Currently viewing the tag: "WTB? Down Under"
What's That Bug? does not endorse extermination

Subject: Unknown Katydid – northwest Queensland, Australia
Location: Cloncurry, Queensland
November 22, 2016 7:07 am
This lady turned up at my workplace today, and the photo was taken because she’s not a bug that we usually see here. With a bit of googling and posting on other sites (reddit), the consensus seems to be that she is a katydid of some sort, but with no positive confirmation. Unfortunately, she is no longer with us, as a nearby Peewee (Magpie Lark) thought that she looked delicious. (“It’s the circle of liiife…”)
She does look a bit like a katydid that was posted here a few years ago (https://www.whatsthatbug.com/2008/05/03/unknown-australian-katydid-killed-for-photo-op/)
Signature: Johnmc

Female Raspy Cricket

Female Raspy Cricket

Dear Johnmc,
The link you provided from our archives was a correct identification on your part, but it is not a Katydid.  We eventually identified that insect as a female Raspy Cricket, probably in the genus
Ametrus thanks to the input of Katydid expert Piotr Naskrecki, and somehow, duplicate postings were in our archive.  We deleted your link in favor of the correctly identified posting of the Raspy Cricket.  Here is another posting of what appears to be the same species of Raspy Cricket.

What's That Bug? does not endorse extermination

Subject: Grasshopper from Alice Springs
Location: Alice Springs
November 21, 2016 2:26 pm
I found Three grasshopper at Alice Springs, Australia in February.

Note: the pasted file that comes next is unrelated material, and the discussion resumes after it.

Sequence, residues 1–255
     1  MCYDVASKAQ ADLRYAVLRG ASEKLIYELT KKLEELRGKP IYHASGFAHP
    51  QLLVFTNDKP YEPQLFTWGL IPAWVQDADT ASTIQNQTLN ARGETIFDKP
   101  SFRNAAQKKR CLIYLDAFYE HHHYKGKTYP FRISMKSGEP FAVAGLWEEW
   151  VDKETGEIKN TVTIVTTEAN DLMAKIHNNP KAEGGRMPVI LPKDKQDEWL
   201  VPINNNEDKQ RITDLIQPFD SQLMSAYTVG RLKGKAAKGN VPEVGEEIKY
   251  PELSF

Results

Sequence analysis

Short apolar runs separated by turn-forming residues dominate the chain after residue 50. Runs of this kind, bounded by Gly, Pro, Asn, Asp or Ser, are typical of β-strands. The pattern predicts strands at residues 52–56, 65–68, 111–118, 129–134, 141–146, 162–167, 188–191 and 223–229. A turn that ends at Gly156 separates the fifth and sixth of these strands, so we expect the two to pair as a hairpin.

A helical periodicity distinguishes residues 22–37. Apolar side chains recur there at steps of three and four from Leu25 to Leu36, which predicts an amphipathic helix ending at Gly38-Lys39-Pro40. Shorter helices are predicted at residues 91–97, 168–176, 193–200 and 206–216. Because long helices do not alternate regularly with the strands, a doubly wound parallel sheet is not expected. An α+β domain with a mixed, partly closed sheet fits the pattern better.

Can you help me identifying the Bugs.
If you can identify the Bugs, you may use the pictures on you homepage.
Signature: Just bug names

Grasshopper

Grasshopper

Two of your Grasshoppers, the olive green and white striped individual and the green crested individual are both quite unique looking and we thought they might be easy to identify, but that has not proven to be the case.  They are not pictured on the Field Guide to Grasshoppers of Brisbane and South East Queensland, nor are they on Oz Animals which might mean their range is limited to the Northern Territory.  We will continue to research your Grasshoppers’ identities.  We are posting the images and perhaps one of our readers will have better luck than we have had.

Grasshopper

Grasshopper

Hi Daniel
Thank you for your try up to now. I am looking forward to hear from you again.
Regards
Henning

Grasshopper

Crested Tooth Grinder

Identification:  Thanks to a comment from Trevor, we now know that this is a Crested Tooth Grinder, Ecphantus quadrilobus, a species we already have in our archives and which is also pictured on iGoTerra and on FlickR.

What's That Bug? does not endorse extermination

Subject: Bug
Location: Caboolture
November 18, 2016 5:47 am
A friend found this on a plant stalk and wondered what it is..
Signature: Admiral.

Giant Scale Insect

Snowball Large Mealybug

Dear Admiral,
This is a Snowball Large Mealybug in the genus
Monophlebulus.  We have received several submissions through the years.

Giant Scale Insect

Snowball Large Mealybug

What's That Bug? does not endorse extermination

Subject: found this guy on my veranda on his back so i flipped him over, what is it?
Location: my backyard, australia, queensland
November 18, 2016 4:52 am
i just wanna know if its poisonous or some kind of cockroach? not going to kill it but i did want to pick it up, but i’m scared lol! biggest beetle looking bug i’be ever seen!
Signature: Kyla Marshall

Banksia Longicorn

Longicorn

Dear Kyla,
This Prionid Beetle or Longicorn